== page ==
The Richmond Register

Local News

March 27, 2013

Sequestration furloughs pushed back two weeks at Army depot

MADISON COUNTY — The enactment of furloughs for civilian Department of Defense workers has been delayed by at least two weeks, according to officials at the Blue Grass Army Depot.

The furloughs were supposed to start in late April, and formal notices were set to go out to hundreds of Blue Grass Army Depot workers Thursday and Monday, according to Mark Henry, acting public affairs officer for the depot.

The furloughs are a part of automatic cost-cutting measures (sequestration) that the federal government must follow because Congress was unable to come to agreement on mandated budget cuts.

Civilian DoD workers originally were to reduce their hours 20 percent for 22 weeks, Henry said. That would mean a reduction of eight hours for every 40-hour work week.

However, Congress was able to pass a continuing resolution last week that will keep the government funded until Sept. 30, which is the end of the fiscal year, according to Henry.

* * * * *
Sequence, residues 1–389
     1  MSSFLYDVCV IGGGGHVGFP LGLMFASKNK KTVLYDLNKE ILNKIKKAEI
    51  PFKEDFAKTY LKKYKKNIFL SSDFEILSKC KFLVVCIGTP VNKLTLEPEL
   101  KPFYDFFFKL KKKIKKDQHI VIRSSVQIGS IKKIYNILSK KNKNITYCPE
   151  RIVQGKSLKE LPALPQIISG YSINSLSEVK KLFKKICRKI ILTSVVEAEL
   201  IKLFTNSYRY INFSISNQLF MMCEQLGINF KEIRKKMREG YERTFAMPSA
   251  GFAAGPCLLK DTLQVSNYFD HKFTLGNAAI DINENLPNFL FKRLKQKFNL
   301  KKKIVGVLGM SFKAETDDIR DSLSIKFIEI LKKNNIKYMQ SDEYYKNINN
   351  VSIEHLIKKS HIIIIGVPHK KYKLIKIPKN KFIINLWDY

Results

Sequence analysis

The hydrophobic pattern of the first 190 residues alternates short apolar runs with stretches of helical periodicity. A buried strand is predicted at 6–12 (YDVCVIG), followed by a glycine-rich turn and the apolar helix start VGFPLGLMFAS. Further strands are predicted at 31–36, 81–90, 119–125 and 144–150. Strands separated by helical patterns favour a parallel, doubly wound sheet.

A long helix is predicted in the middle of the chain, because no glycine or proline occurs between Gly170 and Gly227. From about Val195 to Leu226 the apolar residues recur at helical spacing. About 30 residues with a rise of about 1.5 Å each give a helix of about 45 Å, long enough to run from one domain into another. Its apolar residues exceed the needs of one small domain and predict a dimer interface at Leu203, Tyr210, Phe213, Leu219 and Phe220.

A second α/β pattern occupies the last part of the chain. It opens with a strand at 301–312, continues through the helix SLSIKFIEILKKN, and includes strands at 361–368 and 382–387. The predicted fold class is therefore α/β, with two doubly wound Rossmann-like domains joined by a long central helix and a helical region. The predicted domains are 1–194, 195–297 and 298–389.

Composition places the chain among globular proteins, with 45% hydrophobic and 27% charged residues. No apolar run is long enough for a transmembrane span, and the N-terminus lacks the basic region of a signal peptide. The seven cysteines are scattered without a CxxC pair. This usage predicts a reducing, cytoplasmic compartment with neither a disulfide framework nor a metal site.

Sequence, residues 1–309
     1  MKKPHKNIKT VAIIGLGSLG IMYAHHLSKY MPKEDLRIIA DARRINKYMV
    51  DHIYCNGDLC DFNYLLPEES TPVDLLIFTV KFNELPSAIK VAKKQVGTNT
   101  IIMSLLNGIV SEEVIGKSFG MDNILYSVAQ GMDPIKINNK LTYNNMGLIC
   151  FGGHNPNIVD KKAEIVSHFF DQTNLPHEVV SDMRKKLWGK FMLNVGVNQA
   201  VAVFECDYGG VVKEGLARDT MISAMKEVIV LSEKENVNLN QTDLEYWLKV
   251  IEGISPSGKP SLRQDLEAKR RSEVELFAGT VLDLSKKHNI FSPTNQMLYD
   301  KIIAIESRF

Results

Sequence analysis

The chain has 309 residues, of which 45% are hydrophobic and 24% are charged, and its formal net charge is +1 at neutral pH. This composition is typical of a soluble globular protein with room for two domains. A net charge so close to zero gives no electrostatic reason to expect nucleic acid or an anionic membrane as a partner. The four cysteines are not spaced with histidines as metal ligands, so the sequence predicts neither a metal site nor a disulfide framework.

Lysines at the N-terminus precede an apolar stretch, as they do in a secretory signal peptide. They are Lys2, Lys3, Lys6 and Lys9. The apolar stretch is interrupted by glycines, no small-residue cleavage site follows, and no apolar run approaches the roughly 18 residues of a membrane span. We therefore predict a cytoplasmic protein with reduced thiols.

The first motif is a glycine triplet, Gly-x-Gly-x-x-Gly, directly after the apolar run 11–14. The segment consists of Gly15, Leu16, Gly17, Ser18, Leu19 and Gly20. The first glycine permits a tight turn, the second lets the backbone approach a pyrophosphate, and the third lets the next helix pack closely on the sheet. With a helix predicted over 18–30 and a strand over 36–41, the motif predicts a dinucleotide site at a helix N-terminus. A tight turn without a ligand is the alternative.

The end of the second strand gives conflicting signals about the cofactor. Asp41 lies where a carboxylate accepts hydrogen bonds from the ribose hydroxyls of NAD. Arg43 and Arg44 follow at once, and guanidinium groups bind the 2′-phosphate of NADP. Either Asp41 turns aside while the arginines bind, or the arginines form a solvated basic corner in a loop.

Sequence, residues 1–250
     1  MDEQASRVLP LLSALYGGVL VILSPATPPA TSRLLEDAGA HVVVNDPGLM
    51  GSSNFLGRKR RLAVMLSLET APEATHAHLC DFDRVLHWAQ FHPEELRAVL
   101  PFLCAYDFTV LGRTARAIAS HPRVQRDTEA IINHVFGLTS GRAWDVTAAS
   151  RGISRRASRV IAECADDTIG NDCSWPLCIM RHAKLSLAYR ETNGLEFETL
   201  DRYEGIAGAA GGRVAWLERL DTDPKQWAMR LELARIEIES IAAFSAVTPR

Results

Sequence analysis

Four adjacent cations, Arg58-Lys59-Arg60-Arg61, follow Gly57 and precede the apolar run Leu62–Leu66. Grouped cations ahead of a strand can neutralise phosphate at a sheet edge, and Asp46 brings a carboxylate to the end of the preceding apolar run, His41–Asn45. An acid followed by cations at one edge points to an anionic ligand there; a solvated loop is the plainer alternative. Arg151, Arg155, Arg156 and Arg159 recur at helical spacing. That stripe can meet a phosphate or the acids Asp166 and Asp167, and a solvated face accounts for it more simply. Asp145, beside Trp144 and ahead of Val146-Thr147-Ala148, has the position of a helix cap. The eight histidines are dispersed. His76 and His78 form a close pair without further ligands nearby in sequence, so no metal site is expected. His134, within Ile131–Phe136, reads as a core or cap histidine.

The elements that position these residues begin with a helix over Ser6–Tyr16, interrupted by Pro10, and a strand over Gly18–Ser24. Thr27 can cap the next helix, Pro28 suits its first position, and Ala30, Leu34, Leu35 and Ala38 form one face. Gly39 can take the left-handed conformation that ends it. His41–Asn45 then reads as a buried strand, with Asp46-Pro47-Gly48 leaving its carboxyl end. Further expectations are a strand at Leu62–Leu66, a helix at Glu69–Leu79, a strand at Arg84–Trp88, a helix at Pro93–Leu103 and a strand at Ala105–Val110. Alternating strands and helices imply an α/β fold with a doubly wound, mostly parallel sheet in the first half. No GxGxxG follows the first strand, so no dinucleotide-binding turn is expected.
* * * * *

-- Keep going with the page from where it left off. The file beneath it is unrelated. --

In that bill, $10 billion in operating and maintenance funding was appropriated for the Defense Department, which can cover employee wages. This gave the DoD some flexibility when it came to implementing the furloughs, Henry said.

However, the sequestration measures must still be taken at some point unless Congress enacts a plan to reduce government spending by $1.2 trillion.

Three groups are active at the Army installation between Richmond and Berea – the Blue Grass Army Depot, Blue Grass Chemical Activity and the Assembled Chemical Weapons Alternatives, Blue Grass Chemical Agent-Destruction Pilot Plant.

Blue Grass Army Depot workers will be the most affected by furloughs. About 760 civilians may be required to reduce their hours 20 percent if furloughs go into effect, Henry said.

The mission of BGAD is to provide conventional ammunition services, chemical defense equipment management and manufacturing capabilities for the Department of Defense.

When asked how the furlough will impact critical emergency services personnel, such as the on-post fire department, Henry said negotiations are ongoing with various unions and each position will be closely examined.

“It’s a tough situation right now,” Henry said. “Everyone is aware of the situation.”

"We're in limbo” right now, he said, as thousands of government workers across the country wait to see if Congress will take any action.

“The civilian workforce (at BGAD) is critical to supporting out war fighters,” Henry said.

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